head shot MFC.jpg


Rebecca has been working at the intersection of Judaism and social justice for three decades, viewing the commandment to support the foreigner as central to her rabbinate. While living in the USA, she was a founding board member of Brit Tsedek V’Shalom: The Jewish Alliance for Justice and Peace, working on Jewish-Palestinian dialogue. Prior to moving to Scandinavia in 2011, Rebecca directed the Interfaith Hospitality Network in Evanston, Illinois, part of a national organization of congregations that house homeless families in churches, synagogues and mosques and support them in finding affordable housing.
After moving to Malmö, one of the most diverse cities in Northern Europe, Rebecca worked as a Project Leader for the Open Skåne social cohesion initiative and in 2015, helped steer the focus of the organization to working with immigrants and refugees. With the Common Ground Malmö network, Rebecca has worked to create opportunities for newcomers and long-time residents to create mutually beneficial projects together.  Having recently moved to neighboring Copenhagen, she continues to work on such projects. She is a Network Practitioner with A World of Neighbors, the EU-wide interreligious migration strategy initiated by the Church of Sweden.
"In 2014, when complaining to an American colleague that there were not any Jewish social justice groups in Europe outside of the UK, she suggested that I start one. I told her that I didn’t know enough people, and this work is all about networking. Six years later, I am happy not only to know enough people, but to be working with Zachary Gallant to organize such a group, Rodfei Tsedek!"



Zachary started his career working for US Senator Ben Cardin, as well as a board member of the American Jewish Congress's Maryland chapter, before heading to the former Yugoslavia on a Fulbright scholarship in 2008. He has remained in Europe since, where he has been working on migration, conflict, and interfaith relations. Since 2015, he has been a loudly Jewish voice leading projects on refugee integration in Germany, bringing the culture he learned in his American Jewish background (such as themed Seders on refugees and social justice) to Jewish and interfaith life in Germany. His project "Integrationswerkstatt" was one of the winners of the 2019 German Integration Prize. He is a founding member of the OSCE-supported European Institute for Dialogue and a member of the Steering Committee of A World of Neighbors. In 2020 he served as Head of Migration and Refugee Affairs for the Muslim Jewish Alliance, where, in a conversation with Daniela Oberstein, he came to the realization that strengthening a sense of belonging and social justice as a part of European Jewish identity was a necessary first step before an interfaith alliance could have any kind of positive impact in Europe. It was with this thought that he and Rabbi Rebecca Lillian together created Rodfei Tsedek to build the kind of strong local identity in Europe's Jews as has been created over the past centuries among Jews in America.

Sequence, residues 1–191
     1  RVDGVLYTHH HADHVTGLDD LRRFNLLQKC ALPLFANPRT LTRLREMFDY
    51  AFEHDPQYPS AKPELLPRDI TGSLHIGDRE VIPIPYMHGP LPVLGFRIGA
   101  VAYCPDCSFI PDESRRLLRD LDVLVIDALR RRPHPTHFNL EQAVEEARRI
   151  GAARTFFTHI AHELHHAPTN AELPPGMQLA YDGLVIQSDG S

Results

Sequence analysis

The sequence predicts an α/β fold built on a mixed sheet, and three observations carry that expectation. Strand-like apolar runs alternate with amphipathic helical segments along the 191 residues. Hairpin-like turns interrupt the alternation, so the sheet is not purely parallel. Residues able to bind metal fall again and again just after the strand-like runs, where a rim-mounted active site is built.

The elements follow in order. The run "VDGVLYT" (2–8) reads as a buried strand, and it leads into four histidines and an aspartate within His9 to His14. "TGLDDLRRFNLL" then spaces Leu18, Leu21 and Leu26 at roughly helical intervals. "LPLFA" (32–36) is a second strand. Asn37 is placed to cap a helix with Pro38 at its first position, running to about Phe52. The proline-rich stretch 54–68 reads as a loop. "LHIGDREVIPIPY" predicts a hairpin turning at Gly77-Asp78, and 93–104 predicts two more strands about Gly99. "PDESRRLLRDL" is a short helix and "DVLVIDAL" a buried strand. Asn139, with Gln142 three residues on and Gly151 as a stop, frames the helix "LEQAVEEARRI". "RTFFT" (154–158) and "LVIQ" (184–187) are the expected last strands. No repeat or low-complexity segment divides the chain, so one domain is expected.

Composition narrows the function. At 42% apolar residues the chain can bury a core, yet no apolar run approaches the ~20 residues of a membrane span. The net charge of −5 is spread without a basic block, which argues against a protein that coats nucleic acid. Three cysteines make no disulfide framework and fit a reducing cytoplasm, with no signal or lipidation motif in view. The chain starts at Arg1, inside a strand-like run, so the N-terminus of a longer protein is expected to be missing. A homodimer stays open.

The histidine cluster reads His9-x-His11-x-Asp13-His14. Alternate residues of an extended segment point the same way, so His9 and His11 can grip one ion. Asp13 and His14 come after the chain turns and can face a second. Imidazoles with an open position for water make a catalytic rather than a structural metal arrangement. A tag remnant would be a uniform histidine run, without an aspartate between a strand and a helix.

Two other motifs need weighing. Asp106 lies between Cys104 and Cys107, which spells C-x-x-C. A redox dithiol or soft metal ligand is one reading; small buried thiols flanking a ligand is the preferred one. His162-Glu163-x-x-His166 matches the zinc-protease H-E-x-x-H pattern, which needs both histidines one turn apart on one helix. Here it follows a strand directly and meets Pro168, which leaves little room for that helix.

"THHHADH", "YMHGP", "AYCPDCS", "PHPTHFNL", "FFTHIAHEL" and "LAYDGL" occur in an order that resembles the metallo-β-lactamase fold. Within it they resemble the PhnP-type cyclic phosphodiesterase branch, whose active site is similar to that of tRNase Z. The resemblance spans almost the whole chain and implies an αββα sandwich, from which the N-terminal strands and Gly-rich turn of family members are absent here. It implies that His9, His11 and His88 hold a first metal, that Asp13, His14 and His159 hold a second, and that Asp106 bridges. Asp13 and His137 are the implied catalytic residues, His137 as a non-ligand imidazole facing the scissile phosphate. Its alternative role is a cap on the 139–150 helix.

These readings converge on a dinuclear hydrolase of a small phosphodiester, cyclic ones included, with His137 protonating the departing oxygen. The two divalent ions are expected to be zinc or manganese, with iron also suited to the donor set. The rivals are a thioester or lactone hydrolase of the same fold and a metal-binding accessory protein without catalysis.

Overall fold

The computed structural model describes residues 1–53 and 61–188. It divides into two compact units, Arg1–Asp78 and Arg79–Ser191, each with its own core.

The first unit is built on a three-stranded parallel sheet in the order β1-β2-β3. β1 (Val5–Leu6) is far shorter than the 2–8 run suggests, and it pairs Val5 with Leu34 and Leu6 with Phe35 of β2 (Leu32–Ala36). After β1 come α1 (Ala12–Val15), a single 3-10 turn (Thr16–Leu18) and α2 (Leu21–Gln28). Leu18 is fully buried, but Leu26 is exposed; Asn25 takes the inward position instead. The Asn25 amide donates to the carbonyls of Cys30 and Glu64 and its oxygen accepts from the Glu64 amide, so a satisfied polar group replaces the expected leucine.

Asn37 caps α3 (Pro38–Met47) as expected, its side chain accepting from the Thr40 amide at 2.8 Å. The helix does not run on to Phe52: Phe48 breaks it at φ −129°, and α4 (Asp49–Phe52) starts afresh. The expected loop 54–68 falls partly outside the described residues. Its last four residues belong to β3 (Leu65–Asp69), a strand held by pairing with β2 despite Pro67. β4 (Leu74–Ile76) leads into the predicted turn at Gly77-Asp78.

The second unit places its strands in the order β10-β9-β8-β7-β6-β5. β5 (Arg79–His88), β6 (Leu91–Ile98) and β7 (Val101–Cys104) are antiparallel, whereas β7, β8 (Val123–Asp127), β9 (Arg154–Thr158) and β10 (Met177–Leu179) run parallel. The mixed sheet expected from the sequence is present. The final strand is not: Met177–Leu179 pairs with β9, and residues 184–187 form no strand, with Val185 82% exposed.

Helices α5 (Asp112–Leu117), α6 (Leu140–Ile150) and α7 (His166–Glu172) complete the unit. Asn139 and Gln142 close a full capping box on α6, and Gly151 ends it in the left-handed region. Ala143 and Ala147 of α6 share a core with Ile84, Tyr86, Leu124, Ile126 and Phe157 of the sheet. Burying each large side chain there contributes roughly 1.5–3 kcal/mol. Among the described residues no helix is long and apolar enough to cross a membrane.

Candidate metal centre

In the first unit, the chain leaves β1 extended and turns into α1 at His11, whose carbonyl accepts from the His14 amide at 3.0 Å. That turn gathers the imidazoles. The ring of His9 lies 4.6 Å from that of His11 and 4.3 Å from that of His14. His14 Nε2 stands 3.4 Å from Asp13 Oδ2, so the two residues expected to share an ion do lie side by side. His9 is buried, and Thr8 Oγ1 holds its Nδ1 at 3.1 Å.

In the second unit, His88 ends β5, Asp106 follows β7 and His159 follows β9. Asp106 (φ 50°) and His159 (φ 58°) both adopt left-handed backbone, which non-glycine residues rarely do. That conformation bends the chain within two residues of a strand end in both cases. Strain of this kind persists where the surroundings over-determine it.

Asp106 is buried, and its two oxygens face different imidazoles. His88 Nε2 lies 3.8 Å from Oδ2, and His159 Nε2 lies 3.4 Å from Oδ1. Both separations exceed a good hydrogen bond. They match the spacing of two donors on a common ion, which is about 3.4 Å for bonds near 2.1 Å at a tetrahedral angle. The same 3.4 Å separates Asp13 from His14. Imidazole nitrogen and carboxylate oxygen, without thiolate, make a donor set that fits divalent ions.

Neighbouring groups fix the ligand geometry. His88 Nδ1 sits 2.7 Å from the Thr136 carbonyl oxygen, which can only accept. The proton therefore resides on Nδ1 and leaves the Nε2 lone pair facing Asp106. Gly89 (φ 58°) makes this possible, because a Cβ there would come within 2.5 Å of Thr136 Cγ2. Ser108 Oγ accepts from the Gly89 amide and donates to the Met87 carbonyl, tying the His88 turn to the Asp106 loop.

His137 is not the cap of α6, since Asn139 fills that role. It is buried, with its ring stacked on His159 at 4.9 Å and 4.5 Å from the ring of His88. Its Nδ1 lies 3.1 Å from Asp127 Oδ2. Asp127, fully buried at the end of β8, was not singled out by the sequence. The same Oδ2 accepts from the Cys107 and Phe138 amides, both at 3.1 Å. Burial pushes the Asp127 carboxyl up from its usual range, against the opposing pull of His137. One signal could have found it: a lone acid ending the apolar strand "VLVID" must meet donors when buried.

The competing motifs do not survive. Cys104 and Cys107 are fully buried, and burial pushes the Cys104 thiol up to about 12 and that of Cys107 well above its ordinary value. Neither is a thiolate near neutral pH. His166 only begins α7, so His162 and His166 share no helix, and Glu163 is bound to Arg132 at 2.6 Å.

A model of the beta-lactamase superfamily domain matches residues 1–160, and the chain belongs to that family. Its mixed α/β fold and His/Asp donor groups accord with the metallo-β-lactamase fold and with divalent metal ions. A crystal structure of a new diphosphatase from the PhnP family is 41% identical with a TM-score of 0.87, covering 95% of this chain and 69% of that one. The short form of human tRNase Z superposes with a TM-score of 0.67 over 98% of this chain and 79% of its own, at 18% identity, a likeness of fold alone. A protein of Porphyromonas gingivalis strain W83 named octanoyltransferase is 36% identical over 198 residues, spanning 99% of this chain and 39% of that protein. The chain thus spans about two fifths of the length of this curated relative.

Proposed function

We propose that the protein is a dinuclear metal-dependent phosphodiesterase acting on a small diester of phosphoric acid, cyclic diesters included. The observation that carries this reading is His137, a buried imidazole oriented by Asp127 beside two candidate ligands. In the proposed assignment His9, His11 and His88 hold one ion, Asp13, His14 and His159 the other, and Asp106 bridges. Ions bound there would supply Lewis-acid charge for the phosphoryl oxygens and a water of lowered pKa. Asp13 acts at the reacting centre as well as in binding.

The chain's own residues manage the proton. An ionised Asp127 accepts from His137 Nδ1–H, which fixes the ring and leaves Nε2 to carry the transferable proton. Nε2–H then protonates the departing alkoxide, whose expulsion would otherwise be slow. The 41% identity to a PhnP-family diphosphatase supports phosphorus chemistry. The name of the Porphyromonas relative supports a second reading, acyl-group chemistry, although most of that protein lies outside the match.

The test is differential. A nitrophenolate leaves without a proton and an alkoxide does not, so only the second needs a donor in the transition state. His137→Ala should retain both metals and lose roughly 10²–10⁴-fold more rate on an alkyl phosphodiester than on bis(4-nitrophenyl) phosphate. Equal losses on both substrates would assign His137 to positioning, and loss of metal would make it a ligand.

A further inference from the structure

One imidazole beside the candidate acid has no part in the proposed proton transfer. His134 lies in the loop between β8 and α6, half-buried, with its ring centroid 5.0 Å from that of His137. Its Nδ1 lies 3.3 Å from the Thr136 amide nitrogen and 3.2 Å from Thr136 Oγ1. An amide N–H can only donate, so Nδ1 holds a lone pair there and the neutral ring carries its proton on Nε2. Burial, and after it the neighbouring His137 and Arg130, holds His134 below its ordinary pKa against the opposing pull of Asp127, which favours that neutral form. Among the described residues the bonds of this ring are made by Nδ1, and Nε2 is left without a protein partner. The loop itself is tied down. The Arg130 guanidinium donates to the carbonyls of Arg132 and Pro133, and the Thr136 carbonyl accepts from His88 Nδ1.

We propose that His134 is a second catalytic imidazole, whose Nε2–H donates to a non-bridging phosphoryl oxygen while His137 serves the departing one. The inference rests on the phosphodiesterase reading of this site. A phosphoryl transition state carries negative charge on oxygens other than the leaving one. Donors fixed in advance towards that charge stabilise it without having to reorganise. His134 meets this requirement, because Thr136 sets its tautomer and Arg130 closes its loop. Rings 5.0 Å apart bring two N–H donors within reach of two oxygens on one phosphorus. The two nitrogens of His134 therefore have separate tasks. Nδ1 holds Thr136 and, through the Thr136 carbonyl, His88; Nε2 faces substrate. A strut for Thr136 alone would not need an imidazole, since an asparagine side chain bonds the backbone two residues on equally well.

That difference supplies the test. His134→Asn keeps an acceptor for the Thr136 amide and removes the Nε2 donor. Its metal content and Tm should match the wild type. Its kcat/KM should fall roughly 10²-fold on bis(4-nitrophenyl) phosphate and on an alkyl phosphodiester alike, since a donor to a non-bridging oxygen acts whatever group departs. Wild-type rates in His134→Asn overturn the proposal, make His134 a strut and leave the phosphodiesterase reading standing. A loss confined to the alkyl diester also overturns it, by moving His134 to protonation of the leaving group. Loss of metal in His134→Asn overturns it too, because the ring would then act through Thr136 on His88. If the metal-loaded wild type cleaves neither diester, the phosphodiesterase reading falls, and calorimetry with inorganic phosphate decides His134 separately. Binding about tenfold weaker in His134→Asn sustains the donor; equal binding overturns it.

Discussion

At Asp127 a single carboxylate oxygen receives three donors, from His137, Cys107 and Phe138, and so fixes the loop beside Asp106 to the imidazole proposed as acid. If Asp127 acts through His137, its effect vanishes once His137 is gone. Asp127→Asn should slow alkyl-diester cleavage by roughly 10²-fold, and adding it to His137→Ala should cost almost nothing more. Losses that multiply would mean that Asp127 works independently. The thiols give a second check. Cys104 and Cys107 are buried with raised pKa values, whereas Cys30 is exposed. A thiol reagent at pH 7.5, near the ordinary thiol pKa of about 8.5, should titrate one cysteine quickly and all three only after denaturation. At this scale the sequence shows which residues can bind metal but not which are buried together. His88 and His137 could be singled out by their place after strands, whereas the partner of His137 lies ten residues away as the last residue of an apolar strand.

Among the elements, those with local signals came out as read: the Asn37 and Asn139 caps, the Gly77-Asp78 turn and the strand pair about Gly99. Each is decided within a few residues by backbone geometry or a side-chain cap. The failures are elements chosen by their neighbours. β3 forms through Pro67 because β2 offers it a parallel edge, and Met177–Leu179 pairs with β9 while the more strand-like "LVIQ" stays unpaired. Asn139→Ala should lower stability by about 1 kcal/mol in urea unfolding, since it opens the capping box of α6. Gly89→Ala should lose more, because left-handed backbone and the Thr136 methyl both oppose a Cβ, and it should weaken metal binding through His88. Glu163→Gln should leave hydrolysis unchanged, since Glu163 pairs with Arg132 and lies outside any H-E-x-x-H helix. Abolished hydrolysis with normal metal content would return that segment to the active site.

Originally from Frankfurt, Germany, Daniela studied Governance and Public Policy at the University of Passau, Germany, and the University of Warsaw and then went on to complete a M.Sc. in International Public Policy at University College London, U.K. Prior to this, she'd spent a year at a Jewish boarding school in the U.S. and later a 2-month language course at the Hebrew University of Jerusalem.
In 2016, she completed a traineeship at the European Parliament in Brussels, and then stayed on to work at the Friedrich Naumann Foundation for Freedom (FNF), whose main mission is policy analysis and political education. After 3 years in Brussels she moved on to work for the communications department of the foundation's headquarters in Berlin, Germany, where she currently works in the international department on press and media freedom and is managing the foundation's International Journalism and Media Dialogue Programme, exploring the effects of disinformation, particularly on journalism. Besides her work at the intersection of politics and communication, she’s interested in the communication between different groups and individuals of different backgrounds and faith, which has particularly manifested since her participation at the Muslim Jewish Conference 2017 in Sarajevo, Bosnia.